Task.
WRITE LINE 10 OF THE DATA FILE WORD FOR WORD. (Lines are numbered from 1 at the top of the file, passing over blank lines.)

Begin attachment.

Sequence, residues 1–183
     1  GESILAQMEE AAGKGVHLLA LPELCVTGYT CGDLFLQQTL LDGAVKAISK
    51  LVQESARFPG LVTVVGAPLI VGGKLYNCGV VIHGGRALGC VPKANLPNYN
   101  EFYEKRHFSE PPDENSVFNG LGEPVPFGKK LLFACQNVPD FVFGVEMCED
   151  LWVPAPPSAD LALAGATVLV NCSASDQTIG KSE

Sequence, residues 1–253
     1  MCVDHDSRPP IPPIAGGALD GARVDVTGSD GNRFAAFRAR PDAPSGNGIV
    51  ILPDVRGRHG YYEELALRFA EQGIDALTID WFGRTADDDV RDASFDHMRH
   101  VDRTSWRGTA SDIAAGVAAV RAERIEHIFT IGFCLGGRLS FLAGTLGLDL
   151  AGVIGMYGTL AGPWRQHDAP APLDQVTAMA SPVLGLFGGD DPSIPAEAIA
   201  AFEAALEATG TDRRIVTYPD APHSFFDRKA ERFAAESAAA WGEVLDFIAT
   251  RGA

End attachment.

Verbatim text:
   151  AGVIGMYGTL AGPWRQHDAP APLDQVTAMA SPVLGLFGGD DPSIPAEAIA